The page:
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How can I recover a lost password on my Palm?

The following story is just me being proud of myself, and if you ever get stuck in the same way - might come in handy.

I was playing with my Palm, and since the power button has become kind of stuck, I decided to set the "romantic stroke" (drawing a line from graffiti to screen) to do a power off. Except silly me, I forgot I had a password set. Long story short - my palm is locked. Of course, I don't remember the password.

I read online, looking for "password" and "palm"... Nothing useful. I suddenly remember that my Palm Desktop also allows me to read private records - so it must have my password!

I finally reach which lets me know that the password is stored in "users.dat " in my Palm Desktop directory. Yay! I can now read the file and find the password. Almost. It's encoded. Hmm... Meanwhile I run across "Win32::Palm::Install::UsersDat" a Perl module for reading users.dat - still no luck. All it can do is display the same encoded password.

Relevant Data from


Field Name Type Size Comments
User Count Short 2*Byte The count of users
Class Flag Short 2*Byte 0xFFFF value to indicate a class entry follows
Class entry Class-Entry   CUser class name
User entry User-Entry   occurs user count number of times


Field Name Type Size Comments
Hotsync ID Long 4*Byte Unique hotsync id for this user. Values less than 256 are reserved and indicate a user profile record
NLength Char 1*Byte Length of user Long Name
Long Name Char String User Long Name of NLength
Dlength Char 1*Byte Length of user directory name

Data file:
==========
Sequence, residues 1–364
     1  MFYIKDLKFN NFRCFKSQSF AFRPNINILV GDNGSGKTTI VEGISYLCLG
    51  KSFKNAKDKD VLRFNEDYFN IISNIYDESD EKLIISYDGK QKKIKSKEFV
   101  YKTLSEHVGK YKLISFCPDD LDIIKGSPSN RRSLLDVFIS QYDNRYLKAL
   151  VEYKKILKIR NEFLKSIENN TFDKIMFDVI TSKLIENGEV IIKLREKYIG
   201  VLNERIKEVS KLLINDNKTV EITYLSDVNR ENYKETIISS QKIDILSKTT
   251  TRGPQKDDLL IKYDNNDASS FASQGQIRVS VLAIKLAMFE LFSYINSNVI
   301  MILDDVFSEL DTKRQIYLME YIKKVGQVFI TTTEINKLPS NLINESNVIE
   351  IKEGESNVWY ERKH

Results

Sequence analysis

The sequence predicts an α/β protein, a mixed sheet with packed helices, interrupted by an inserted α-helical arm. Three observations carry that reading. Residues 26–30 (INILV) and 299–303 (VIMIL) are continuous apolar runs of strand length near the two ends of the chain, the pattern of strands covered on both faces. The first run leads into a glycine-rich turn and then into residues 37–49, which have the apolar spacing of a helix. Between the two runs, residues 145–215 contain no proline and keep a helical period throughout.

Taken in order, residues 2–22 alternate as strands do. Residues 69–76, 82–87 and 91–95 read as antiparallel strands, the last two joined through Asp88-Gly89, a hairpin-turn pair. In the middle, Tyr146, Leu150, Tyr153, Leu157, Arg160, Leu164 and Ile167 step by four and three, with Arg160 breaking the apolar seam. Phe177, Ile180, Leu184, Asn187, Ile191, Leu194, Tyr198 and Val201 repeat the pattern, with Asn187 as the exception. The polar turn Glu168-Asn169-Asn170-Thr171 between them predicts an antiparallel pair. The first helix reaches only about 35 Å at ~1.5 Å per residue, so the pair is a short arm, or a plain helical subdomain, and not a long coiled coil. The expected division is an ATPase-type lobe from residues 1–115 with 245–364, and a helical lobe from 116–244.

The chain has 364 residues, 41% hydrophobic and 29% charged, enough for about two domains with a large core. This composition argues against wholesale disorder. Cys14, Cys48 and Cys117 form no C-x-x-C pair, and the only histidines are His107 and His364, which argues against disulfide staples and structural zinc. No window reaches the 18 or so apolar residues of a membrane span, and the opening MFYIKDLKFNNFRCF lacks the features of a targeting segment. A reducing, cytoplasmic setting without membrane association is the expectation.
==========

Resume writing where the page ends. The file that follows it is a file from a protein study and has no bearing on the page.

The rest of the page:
Dir Name Char String User directory name of DLength
Active Short 2*Byte value 0x0001 indicates an active user that has hotsynced with this PC before.
PWLength Short 2*Byte Length of user password, if any.
Unknown Short 2*Byte Unknown purpose. If you discover its purpose, please let me know.
Password Char String A 32 character encoded string that represents the user password.
Important: This field is present only if the PWLength is non-zero.
Unknown Short 2*Byte Unknown purpose. If you discover its purpose, please let me know.
Variable Data Flag Short 2*Byte 0xFFFF value to indicate a class entry follows. If one does, it will be immediately followed by Conduit Entries for the Permanent Sync settings.
0x8001 value to indicate no more data for this user.
0x8003 value to indicate Conduit Entries follow for this users Temporary Sync settings.
Note: Any other value is an unknown value, you should continue to read shorts from the record until you encounter one of the above values or EOF to indicate the end of record for this user.
Variable-Data Variable-Data   See Variable Data Flag field for an explanation.

More reading. More dead ends. Finally I get to which tells me that the password field on the Desktop is just an MD5 hash of my actual password. Which is totally awsome! I mean, my password couldn't be more than 10 characters (since I know me - I'm too lazy.) - so I'll just generate the 26^10 passwords, hash them, and run the remaining ones thru a dictionary.

I was about to do that when I got to -- given an MD5 hash, it'll display some dictionary-words that match it.

Bottom line: it worked! I got my password back. But I guess it was too easy - the password was "grep"... But since I never use that as a password, I guess I'm lucky I found it... :-)

Last updated on 2007-01-29 14:00:00 -0700, by Shalom Craimer

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